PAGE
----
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Our look at
NATURAL GAS PIPELINE CONSTRUCTION

Once the gas wells are drilled and the natural gas begins to flow, it becomes necessary to deliver the gas and gas liquids to market. Natural gas pipelines move gas to compressor stations and wet gas processing facilities to separate the natural gas from the natural gas liquids (NGL's)

  Here we get a glimpse of natural gas pipeline construction over Marcellus Shale. Photos of excavation equipment, gas pipe and pipeline construction are featured, from recent photo tours of Marcellus Shale natural gas well drilling areas in Pennsylvania and West Virginia. Cross-country pipelines are seen travelling over hills and through valleys of the rolling terrain.

 
Pipelines above ground
 
 



 

gas pipe stockpile

 
 

PHOTOS OF PIPELINE CONSTRUCTION

Installing a gas pipeline in Washington County, Pa.
 
 

Stream breached by muddy May 2011 run-off.
Baker Station Road, Amwell Township, Pa

 
 

Interstate gas pipeline for Marcellus

Pipeline construction between West Virginia and Pennsylvania connecting to the MarkWest Plant in Houston, Pa.
 
 

Marcellus Shale gas pipeline

 
 

Western Pennsylvania gas pipeline

Green protective coating on new gas pipe
 
 

Gas pipe along ditch

Gas pipe laid out and awaiting installation.
Welds at joints are X-Rayed.
 
 

 
Serious pipeline incident cause breakdown 1990 through 2009
 

 
 

   Pipeline construction in farm country
  

Pipeline workers installing a new pipeline
  
  
   Working near an older gas facility
  

Methane Is Popping Up All Over Boston

November 20, 2012 NEW YORK TIMES by Joanna M. Foster - Concern over water contamination from fracking for natural gas aside, some argue that the much-advertised climate advantage of natural gas may be all but offset by the steady release of methane during its long journey from the well to the 65 million American households that depend on natural gas. Molecule per molecule, methane has more than 20 times the global warming potential of carbon dioxide. Now researchers in Boston have given skeptics of the at-least-natural-gas-is-better- than- coal argument some additional ammunition.

In Boston and many other aging cities in the Northeast, a maze of underground low-pressure natural gas pipelines are riddled with leaks. The research team discovered 3,356 leaks of methane whose isotopic characteristics indicated that they originated in fossil fuel rather than microbial sources. Some leaks clocked in at more than 15 times the global background methane level. According to the Energy Information Administration, an average of $3.1 billion worth of natural gas is lost or unaccounted for nationally each year. Generally it is the consumer ratepayers, not the producers, who pay the penalty for the lost gas.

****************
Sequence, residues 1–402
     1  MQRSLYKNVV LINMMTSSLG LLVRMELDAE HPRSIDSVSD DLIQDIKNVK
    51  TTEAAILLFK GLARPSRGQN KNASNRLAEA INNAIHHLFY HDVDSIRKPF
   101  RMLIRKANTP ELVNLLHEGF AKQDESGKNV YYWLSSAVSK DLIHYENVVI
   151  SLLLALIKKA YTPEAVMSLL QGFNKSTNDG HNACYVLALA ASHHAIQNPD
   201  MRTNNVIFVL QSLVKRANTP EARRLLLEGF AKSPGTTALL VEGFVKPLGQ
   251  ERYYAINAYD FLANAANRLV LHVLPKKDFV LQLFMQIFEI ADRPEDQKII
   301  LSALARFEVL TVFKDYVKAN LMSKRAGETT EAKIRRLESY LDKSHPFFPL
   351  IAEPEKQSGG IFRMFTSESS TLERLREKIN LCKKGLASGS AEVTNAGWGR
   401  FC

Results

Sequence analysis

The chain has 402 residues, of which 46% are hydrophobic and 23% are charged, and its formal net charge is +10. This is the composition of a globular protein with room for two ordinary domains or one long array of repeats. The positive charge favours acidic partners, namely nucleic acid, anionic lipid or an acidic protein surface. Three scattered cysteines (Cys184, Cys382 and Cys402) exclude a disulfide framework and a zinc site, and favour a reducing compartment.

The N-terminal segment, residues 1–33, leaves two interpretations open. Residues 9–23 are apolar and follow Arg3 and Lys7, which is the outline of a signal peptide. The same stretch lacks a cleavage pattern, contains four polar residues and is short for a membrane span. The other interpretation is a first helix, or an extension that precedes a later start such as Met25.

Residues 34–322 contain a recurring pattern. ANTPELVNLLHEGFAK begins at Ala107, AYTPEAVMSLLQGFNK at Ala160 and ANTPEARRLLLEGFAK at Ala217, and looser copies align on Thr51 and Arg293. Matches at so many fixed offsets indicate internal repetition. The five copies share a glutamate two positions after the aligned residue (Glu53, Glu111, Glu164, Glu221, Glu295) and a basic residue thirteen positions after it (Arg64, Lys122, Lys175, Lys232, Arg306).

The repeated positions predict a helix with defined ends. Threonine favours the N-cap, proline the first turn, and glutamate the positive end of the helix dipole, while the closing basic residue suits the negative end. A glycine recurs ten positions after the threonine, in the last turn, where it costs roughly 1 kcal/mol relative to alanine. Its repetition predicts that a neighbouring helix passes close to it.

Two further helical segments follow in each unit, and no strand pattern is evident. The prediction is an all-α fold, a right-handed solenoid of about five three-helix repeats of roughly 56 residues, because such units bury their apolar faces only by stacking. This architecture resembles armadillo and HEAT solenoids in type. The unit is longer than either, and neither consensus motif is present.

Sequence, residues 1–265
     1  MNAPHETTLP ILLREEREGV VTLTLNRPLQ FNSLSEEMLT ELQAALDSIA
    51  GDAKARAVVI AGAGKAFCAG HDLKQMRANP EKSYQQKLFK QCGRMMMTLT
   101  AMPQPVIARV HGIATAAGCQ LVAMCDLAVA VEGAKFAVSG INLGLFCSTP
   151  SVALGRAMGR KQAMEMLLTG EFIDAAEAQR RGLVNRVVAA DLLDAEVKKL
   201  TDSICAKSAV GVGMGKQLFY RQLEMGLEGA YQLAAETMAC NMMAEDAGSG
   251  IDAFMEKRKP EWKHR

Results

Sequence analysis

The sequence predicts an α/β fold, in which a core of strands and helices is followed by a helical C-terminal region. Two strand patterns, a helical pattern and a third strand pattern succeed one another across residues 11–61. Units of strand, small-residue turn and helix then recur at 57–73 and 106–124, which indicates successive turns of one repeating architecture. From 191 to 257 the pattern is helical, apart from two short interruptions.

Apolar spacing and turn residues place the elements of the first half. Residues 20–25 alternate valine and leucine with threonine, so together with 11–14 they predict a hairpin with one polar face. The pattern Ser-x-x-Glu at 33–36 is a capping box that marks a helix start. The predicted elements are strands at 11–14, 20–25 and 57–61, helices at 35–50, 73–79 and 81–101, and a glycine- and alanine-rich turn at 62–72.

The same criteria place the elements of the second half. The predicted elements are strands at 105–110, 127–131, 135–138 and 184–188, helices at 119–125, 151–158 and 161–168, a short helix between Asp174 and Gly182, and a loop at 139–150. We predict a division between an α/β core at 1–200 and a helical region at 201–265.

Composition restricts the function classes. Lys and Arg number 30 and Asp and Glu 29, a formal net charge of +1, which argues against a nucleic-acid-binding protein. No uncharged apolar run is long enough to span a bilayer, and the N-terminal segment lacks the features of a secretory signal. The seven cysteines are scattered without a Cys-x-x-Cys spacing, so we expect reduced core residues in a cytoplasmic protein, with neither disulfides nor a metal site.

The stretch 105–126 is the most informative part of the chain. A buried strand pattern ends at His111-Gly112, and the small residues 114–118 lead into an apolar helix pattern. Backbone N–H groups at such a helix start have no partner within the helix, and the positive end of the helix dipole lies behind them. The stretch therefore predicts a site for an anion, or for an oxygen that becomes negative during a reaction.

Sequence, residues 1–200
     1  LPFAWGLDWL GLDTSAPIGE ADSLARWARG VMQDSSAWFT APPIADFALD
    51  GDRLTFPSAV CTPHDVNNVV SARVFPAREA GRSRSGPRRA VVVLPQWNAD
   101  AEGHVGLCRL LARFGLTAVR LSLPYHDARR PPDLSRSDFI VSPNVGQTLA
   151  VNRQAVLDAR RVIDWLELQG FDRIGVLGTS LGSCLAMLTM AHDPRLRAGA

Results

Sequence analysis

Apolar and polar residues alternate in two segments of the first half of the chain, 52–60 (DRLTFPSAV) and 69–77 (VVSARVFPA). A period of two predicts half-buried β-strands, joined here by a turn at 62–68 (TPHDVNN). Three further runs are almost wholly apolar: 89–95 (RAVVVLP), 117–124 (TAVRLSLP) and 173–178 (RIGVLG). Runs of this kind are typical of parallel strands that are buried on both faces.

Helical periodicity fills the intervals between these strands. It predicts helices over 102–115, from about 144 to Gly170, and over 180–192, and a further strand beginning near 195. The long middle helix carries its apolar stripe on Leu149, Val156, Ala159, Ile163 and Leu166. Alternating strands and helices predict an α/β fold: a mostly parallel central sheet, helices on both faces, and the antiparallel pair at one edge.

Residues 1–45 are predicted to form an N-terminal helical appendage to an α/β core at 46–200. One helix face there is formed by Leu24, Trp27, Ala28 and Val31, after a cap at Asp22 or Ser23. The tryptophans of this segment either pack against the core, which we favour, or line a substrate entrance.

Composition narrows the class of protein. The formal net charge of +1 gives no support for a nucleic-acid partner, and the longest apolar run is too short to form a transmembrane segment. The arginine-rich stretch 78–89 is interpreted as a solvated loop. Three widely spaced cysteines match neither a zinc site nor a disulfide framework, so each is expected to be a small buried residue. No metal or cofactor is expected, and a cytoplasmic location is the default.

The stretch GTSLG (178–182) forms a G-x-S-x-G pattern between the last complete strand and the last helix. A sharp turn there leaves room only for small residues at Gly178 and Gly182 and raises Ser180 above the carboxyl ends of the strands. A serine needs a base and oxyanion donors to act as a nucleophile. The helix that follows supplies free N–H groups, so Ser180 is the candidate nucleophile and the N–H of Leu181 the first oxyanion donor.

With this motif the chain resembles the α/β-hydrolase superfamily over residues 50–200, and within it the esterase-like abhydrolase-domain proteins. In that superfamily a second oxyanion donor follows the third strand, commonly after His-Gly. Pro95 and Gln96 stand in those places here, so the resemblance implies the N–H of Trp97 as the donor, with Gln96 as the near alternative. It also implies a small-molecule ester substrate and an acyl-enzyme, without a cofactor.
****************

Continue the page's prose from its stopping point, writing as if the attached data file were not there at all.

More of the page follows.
Gas pipeline company uses tracked vehicles for rough terrain
  
E&S (erosion & sedimentation) roll crosses dirt path
 
  
Gas pipe cribbed up to allow access on all sides of pipe
   
  
  

New gas pipe going into the ground is around $1 million to $1.5 million per mile. In 1968, Congress began imposing federal construction standards on new natural gas pipelines, resulting in improvements to welds, coatings and pipeline inspections.

  

Pipeline ditch being backfilled
  
   
   Wires overhead are marked with flagging ribbons
  
 
"Pig launchers"
 
  
  
  
  
Pipeline regulation is handled by:
  • The Federal Energy Regulatory Commission (FERC) regulate gas transportation rates, pipeline capacity, pipeline siting and natural gas quality requirements.

  • The U.S. Department of Transportation (DOT) Pipeline and Hazardous Materials Safety Administration (PHMSA) provide regulation for the safe transportation of natural gas through pipelines.

  • The U.S. Environmental Protection Agency (EPA) and the state environmental protection agencies provide regulations for protection of the environment during the construction and operation of pipeline facilities.

  • The U.S. Occupational Safety and Health Administration (OSHA) provides regulation for safe working conditions.

  • The U.S. Department of Interior Minerals Management Service (MMS) provides regulation for offshore pipeline easement leases.

  
   
"Pig launchers" used for "pigging" to clean out pipes
  
 
Stream crossing covered with timbers
  
  
   Pipeline construction activities
  
 
   Rolls of filter sock onsite
  
 
Ditch to hold two gas pipelines, more might be added to this right-of-way in the future
  
  
Amwell Township Pennsylvania gas pipeline
  
  
Installing gas pipeline on a steep slope
   
  
Gas pipeline installation
Before (above)
After (below)
Restored pipeline
 
 
Gathering pipeline from well site to compressor station
December 2011 - Another new gas pipeline between
Caldwell Rd. and Agape Rd. for Bible Camp gas
 
 
pipe yard
Pipe yard along the Monongahela River
 
 
gas pipeline excavation
Pipeline installations accelerated in Washington County during 2013
 
 

  


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